Still, the fractured pictures that stayed with her left her feeling decidedly off-balance, unable at times to meet those clear blue eyes over the conference table, or across a booth at the local diner for fear of giving herself away and acknowledging what they both already knew. For fear of letting JJ too close.

For fear of allowing her precious armor to be breached. Because, God knows, that would never do.

So each time JJ touched her arm, each time those sapphire eyes looked down through all the tangled mess inside her, straight to the soles of her feet, Emily tried, often unsuccessfully, to shore up her defenses. And each time, JJ managed, effortlessly so it seemed to Emily, to find another way in, to find another, hitherto unnoticed hole in Emily's Maginot line. In moments of clarity, Emily knew that eventually JJ would simply find a way around the line and then she would have no option but to surrender or retreat.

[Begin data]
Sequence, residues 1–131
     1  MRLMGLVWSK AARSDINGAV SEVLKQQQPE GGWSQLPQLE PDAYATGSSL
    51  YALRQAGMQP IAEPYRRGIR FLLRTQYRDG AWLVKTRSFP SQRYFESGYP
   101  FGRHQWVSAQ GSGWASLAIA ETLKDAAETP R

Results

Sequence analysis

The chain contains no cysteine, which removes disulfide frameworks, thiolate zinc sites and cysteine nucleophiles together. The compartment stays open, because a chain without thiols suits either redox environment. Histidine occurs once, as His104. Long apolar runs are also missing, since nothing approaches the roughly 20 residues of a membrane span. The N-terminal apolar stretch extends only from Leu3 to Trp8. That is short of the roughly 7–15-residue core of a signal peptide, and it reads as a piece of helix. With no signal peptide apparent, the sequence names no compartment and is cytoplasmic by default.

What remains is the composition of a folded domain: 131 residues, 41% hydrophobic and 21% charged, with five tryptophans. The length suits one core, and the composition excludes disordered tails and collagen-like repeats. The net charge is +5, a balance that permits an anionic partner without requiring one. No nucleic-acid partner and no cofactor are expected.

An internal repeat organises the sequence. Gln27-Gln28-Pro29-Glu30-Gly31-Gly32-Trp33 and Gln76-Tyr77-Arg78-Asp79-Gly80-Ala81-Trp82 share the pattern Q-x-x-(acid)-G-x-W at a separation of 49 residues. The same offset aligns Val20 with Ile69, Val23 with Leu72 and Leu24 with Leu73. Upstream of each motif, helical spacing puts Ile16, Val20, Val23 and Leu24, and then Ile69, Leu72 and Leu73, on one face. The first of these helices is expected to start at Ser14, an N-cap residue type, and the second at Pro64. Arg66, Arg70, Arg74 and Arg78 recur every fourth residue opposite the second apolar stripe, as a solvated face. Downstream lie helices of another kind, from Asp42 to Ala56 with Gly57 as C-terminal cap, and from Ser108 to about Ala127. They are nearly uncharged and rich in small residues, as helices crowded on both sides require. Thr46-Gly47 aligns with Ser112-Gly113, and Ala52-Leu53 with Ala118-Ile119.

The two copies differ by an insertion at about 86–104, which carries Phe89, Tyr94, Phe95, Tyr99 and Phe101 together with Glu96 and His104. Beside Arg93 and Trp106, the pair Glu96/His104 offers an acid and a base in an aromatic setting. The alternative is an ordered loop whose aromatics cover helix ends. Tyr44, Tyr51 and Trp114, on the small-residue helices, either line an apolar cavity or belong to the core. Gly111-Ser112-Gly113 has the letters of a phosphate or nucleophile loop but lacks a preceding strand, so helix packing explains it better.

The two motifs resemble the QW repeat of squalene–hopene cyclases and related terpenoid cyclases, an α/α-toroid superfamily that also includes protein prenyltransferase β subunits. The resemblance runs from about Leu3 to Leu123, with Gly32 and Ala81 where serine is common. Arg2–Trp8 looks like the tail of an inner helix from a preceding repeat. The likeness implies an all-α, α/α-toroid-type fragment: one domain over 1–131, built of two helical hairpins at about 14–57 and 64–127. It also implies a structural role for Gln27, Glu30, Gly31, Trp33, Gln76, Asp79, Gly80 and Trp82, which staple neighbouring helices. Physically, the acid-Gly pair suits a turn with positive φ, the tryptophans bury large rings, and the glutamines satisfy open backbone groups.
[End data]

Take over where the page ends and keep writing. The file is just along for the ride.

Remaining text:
And Emily wasn't at all confident that when the time came, she would be able to walk away from the possibilities that she could see in JJ's eyes. Or that she really wanted to.

The End

Return to Criminal Minds Fiction

Return to Main Page